The EDNRB gene encodes a non-specific, G protein-coupled receptor for endothelin 1, 2, and 3. Once activated through ligand binding, this G protein-coupled receptor known as Endothelin Receptor Type B regulates several biological processes including differentiation of melanocytes, development of enteric nervous system, migration of neural crest cells, vasoconstriction/vasodilation, and sensory perception of pain.
Mutations in EDNRB gene are associated with Waardenburg Syndrome Type 4A and Hirschsprung Disease 2.
In 1999, Brooks et al. reported three children from a large, consanguineous, Moroccan family with Hirschsprung disease, mental retardation, microcephaly, and specific craniofacial dysmorphism. Goldberg-Shprintzen syndrome (Mowat-Wilson syndrome) was suspected due to the association of these abnormalities in the children. Mutation scanning of genes involved in Hirschsprung disease - RET, GDNF, EDN3, and EDNRB, showed a sequence variant, Ser305Asn, in exon 4 of the EDNRB gene in the index patient of this family. The Ser305Asn was also identified in two of the four patients and four healthy relatives. As this mutation wasn't present in all the patients from the family, Brooks et al. (1999) suggested that the EDNRB variant is unlikely to contribute to the phenotype and that the family might benefit from identification of a Goldberg-Shprintzen locus.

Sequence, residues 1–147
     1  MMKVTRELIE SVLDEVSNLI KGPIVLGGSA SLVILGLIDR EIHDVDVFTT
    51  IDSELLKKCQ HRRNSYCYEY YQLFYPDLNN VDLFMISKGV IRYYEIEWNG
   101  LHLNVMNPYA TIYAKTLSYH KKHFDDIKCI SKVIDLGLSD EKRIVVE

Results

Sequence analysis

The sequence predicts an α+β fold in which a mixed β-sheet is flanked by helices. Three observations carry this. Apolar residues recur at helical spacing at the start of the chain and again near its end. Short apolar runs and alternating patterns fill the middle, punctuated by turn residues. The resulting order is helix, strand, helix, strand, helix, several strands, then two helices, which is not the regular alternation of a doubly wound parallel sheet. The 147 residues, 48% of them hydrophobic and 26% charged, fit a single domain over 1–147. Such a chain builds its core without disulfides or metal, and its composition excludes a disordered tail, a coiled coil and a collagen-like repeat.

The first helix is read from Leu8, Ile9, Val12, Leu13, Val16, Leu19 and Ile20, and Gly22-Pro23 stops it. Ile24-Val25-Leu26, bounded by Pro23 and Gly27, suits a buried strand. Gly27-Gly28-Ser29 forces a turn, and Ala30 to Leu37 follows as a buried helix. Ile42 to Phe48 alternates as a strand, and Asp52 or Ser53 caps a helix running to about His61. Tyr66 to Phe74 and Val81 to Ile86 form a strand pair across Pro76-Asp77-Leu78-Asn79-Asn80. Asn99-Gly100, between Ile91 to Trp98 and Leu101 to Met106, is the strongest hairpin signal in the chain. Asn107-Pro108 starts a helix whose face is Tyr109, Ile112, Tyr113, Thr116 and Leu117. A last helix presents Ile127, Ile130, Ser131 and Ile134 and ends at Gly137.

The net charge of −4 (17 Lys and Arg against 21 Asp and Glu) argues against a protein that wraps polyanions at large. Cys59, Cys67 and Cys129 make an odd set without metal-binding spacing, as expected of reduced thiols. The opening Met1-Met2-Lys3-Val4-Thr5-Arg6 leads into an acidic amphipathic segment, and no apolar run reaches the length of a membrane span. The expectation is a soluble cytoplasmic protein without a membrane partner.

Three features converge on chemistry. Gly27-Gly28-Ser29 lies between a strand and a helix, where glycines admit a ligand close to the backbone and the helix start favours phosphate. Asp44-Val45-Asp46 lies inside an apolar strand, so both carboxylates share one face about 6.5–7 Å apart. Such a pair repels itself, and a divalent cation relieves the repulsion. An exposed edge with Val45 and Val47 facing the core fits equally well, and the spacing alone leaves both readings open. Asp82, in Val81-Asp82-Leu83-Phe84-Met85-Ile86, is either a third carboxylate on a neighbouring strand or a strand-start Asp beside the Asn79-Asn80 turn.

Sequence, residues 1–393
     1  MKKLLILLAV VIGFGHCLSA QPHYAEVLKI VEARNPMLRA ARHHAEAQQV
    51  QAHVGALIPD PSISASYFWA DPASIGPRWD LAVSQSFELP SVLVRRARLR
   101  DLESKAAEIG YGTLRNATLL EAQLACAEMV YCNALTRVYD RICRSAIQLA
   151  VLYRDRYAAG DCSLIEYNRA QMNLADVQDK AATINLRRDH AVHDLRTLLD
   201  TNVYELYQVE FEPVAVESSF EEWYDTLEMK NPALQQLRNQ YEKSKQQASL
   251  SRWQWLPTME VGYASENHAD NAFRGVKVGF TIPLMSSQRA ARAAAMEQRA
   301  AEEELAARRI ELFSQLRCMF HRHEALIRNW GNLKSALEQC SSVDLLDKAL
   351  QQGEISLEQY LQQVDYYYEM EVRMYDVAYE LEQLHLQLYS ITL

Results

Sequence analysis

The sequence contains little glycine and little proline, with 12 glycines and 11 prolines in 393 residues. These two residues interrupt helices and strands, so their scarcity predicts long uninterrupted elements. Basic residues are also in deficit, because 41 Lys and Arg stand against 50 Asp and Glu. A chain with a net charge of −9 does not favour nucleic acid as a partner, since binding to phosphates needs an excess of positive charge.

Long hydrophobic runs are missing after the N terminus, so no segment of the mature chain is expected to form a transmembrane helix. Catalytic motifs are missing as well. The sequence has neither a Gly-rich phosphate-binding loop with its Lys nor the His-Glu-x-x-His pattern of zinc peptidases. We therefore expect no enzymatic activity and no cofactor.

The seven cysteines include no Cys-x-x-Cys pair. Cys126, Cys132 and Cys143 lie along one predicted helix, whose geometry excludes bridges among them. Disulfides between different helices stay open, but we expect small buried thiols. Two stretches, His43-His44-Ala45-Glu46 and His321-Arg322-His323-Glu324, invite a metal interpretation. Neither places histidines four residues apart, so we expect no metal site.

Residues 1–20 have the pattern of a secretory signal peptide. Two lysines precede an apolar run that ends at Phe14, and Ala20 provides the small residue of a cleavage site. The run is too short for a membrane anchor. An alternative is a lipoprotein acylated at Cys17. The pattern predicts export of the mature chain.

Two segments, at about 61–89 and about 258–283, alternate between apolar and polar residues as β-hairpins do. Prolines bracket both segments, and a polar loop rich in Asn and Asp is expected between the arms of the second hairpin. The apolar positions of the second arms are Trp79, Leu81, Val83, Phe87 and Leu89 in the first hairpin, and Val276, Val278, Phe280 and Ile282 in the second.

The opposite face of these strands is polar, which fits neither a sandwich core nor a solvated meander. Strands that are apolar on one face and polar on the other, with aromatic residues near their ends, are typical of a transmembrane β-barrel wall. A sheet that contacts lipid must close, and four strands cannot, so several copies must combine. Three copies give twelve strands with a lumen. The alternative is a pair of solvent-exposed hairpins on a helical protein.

In two girls born to consanguineous Tunisian parents, Attie et al. (1995) described features of both Waardenburg syndrome and Hirschsprung disease. They excluded RET and PAX3 as candidate genes by linkage analysis but found a homozygous missense mutation in exon 2 of the EDNRB gene. Using microsatellite DNA markers flanking the EDNRB gene, they showed that the two affected sibs were geno-identical and homozygous at these loci, whereas the two unaffected brothers shared no more than one allele with their affected sisters. The affected sisters showed an abnormal SSCP pattern in exon 2 and direct DNA sequencing revealed a C>G transversion at the second nucleotide of codon 183, predicted to result in the replacement of an alanine by a glycine (p.A183G) in the third transmembrane domain of EDNRB. The parents and one healthy brother were heterozygous for the p.A183G mutation.